There were five Marines and one Navy Corpsman photographed raising the U.S. flag on Mt. Suribachi by Joe Rosenthal on February 23, 1945. This is the story of three of the six surviving servicemen – John 'Doc' Bradley, Pvt. Rene Gagnon and Pvt. Ira Hayes, who fought in the battle to take Iwo Jima from the Japanese.
|Release Date||:||October 18, 2006|
|Genres||:||War, Drama, History|
|Production Company||:||DreamWorks SKG, Amblin Entertainment, Malpaso Productions, Warner Bros.|
|Production Countries||:||United States of America|
|Writers||:||Paul Haggis, William Broyles Jr.|
|Casts||:||Ryan Phillippe, Adam Beach, Jesse Bradford, John Benjamin Hickey, John Slattery, Barry Pepper, Jamie Bell, Paul Walker, Robert Patrick, Neal McDonough, Melanie Lynskey, Chris Bauer, Gordon Clapp, Judith Ivey, Joseph Cross, Benjamin Walker, Alessandro Mastrobuono, Stark Sands, Ann Dowd, Beth Grant, Brian Kimmet, Jason Gray-Stanford, David Rasche, James Newman, Beth Tapper, Shakti Shannon, Scott Eastwood, Michael Cumpsty|
|Plot Keywords||:||world war ii, dying and death, pacific, iwo jima, aftercreditsstinger, duringcreditsstinger|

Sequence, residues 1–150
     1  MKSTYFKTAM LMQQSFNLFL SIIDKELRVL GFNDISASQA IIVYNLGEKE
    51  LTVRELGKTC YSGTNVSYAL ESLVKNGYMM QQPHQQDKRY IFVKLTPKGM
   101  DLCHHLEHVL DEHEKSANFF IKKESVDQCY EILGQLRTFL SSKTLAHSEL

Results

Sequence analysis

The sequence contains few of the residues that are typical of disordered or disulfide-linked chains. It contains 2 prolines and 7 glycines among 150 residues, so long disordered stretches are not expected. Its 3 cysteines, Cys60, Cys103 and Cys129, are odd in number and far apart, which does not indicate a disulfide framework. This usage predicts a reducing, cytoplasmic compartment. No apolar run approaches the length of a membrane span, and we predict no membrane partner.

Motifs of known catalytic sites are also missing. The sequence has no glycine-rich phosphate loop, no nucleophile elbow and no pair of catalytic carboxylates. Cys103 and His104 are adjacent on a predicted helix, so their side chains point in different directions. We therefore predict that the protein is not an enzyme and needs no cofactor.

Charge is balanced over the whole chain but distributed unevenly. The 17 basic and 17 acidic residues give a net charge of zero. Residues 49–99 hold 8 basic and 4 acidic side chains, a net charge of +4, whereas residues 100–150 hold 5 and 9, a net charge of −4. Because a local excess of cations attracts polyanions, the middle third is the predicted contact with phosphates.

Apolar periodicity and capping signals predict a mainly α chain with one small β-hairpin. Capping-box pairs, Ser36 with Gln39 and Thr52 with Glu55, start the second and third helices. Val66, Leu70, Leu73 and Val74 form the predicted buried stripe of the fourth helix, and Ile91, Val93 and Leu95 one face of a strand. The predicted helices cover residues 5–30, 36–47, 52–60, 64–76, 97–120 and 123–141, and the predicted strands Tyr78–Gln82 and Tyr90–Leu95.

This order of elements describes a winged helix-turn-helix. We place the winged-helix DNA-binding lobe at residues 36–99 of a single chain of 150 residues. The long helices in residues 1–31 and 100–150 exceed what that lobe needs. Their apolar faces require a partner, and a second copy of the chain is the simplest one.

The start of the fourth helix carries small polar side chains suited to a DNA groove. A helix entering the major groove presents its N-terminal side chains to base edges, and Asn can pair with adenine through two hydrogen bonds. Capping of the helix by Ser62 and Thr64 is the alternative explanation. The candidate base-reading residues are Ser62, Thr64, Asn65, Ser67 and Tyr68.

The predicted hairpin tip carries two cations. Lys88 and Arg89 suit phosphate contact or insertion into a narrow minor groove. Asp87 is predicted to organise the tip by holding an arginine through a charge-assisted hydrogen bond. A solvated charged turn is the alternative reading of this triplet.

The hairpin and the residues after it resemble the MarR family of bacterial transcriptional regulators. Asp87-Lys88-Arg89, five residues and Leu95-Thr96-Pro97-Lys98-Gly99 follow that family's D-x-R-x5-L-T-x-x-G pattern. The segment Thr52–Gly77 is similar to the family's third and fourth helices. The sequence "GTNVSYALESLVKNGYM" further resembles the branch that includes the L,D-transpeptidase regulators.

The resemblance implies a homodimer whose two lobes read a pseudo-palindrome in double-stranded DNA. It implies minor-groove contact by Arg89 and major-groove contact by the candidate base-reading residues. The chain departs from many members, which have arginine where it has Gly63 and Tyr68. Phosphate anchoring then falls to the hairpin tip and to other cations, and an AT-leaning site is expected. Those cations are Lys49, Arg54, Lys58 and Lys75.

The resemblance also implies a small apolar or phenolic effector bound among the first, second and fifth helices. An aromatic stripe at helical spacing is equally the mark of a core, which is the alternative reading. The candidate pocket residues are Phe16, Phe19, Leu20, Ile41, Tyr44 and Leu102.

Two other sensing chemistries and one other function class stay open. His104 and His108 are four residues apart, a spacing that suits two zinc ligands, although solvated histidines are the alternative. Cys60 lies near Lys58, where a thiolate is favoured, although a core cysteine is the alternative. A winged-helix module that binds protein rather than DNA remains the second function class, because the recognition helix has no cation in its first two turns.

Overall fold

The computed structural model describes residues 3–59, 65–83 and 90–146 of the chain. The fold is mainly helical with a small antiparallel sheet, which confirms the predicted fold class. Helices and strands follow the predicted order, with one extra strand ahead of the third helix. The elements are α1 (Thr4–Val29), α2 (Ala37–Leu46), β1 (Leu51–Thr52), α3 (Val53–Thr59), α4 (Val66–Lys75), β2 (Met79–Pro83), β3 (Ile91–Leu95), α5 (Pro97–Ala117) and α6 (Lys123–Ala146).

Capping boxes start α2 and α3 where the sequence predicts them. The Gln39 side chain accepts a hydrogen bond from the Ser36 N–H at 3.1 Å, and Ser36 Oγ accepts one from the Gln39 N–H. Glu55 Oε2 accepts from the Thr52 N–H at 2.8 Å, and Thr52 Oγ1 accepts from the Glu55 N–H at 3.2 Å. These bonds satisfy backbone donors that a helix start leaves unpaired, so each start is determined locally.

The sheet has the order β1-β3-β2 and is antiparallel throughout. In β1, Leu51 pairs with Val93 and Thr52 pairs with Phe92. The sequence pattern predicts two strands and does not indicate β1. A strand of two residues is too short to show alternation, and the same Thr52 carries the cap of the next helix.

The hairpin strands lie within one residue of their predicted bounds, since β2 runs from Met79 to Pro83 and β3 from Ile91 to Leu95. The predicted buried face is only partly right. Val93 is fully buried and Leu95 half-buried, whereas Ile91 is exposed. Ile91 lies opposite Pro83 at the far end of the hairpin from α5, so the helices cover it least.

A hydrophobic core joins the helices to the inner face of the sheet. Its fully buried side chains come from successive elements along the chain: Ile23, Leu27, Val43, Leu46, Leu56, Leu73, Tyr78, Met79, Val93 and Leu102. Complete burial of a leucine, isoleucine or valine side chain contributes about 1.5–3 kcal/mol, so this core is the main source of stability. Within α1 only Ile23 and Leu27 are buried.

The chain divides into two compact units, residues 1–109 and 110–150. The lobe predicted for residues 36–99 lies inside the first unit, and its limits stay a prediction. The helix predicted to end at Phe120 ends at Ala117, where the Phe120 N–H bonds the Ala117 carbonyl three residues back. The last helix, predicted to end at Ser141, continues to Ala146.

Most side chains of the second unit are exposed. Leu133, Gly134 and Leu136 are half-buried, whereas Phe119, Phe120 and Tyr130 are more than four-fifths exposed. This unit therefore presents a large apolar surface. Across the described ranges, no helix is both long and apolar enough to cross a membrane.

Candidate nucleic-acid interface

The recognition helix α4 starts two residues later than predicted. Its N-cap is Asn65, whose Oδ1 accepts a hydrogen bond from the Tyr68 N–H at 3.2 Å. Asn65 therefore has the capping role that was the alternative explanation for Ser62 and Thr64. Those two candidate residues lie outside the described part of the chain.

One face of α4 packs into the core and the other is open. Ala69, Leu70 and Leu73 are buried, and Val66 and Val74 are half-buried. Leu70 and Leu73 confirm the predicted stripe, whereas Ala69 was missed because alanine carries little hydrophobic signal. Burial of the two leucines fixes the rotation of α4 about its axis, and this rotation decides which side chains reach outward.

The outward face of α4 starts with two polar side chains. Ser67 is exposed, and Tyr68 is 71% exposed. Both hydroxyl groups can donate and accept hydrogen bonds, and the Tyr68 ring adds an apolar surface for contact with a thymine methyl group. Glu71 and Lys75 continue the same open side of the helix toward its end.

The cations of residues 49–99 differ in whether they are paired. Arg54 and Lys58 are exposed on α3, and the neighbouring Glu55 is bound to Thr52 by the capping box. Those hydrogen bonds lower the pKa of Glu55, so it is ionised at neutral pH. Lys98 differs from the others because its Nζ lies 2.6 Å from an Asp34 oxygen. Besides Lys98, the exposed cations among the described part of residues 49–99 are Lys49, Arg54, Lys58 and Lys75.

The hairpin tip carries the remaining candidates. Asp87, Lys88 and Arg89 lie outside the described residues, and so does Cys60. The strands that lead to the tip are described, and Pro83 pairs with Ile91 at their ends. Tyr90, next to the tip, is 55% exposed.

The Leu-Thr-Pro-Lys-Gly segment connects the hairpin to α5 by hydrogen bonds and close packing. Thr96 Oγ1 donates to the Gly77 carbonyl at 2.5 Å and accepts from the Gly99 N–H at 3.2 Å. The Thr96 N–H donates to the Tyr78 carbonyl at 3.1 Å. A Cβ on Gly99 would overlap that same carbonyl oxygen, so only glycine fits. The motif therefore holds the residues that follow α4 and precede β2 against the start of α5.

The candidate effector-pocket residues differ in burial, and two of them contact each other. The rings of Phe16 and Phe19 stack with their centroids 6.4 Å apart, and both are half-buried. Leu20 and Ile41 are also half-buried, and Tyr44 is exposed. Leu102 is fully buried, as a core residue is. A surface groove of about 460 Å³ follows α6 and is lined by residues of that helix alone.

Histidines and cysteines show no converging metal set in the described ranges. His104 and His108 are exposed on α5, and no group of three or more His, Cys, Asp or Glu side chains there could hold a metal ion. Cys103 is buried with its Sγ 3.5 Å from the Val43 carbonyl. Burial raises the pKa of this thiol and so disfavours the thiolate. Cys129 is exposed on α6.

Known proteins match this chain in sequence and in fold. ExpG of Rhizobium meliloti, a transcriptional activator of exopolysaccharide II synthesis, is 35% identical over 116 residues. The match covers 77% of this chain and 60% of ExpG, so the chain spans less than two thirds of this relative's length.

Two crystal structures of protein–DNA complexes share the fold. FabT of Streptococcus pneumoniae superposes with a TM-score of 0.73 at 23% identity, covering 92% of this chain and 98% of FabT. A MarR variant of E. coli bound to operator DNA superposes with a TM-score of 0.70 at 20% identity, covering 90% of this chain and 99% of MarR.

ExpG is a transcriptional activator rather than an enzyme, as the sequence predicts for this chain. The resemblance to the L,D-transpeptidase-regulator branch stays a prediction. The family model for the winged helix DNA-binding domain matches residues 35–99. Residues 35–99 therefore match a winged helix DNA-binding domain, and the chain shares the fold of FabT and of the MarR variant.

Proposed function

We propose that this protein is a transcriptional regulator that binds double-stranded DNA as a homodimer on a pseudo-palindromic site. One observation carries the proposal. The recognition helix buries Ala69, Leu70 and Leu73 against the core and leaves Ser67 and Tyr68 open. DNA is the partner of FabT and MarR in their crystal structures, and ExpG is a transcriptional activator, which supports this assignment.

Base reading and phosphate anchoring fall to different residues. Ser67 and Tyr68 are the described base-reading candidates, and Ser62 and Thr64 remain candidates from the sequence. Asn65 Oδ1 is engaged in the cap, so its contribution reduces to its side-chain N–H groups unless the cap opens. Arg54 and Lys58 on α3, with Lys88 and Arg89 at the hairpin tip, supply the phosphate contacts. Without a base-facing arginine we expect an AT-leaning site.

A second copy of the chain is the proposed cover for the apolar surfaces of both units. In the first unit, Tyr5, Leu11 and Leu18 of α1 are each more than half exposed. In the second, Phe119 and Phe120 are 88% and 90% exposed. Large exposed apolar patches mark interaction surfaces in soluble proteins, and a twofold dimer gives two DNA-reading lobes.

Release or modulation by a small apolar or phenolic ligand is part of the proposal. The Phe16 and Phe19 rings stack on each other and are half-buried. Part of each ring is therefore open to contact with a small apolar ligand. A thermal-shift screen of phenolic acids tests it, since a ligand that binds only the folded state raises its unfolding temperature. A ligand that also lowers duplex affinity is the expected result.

In two and a half hours Clint Eastwood paints a thought provoking piece on heroism and war-propaganda. The film tells three stories: first it is the WW II battle of Iwo Jima where thousands of soldiers (Japanese and American) died 'conquering' that island. In the style of Saving Private Ryan (Spielberg is a producer of Flags) the viewer gets a astounding look at war with a lot of blood, guts and CGI. Second is the story of a son of one of the flag raisers on that island, who interviews other survivors of that battle to understand his dad a little better. This is very moving stuff, but stands a little pale in comparison to the final storyline. This is where veteran-director Eastwood really shines. Like his meditation on violence Unforgiven, Flags takes a closer look at heroism where soldiers by chance get into the spotlight of the war-propaganda-machine. Some may say that Eastwood made an anti-war film or even an anti-America film, but they're wrong. Flags is very critical on the way war is sold to the public. There's nothing honorable about killing or to be killed on the battlefield. The only thing that matters is that you protect you're friends in your platoon and that they protect you. Flags is one of the best war movies I ever saw, maybe even better than Ryan, because it's never sentimental and always honest in its portrayal of the soldiers and war in general.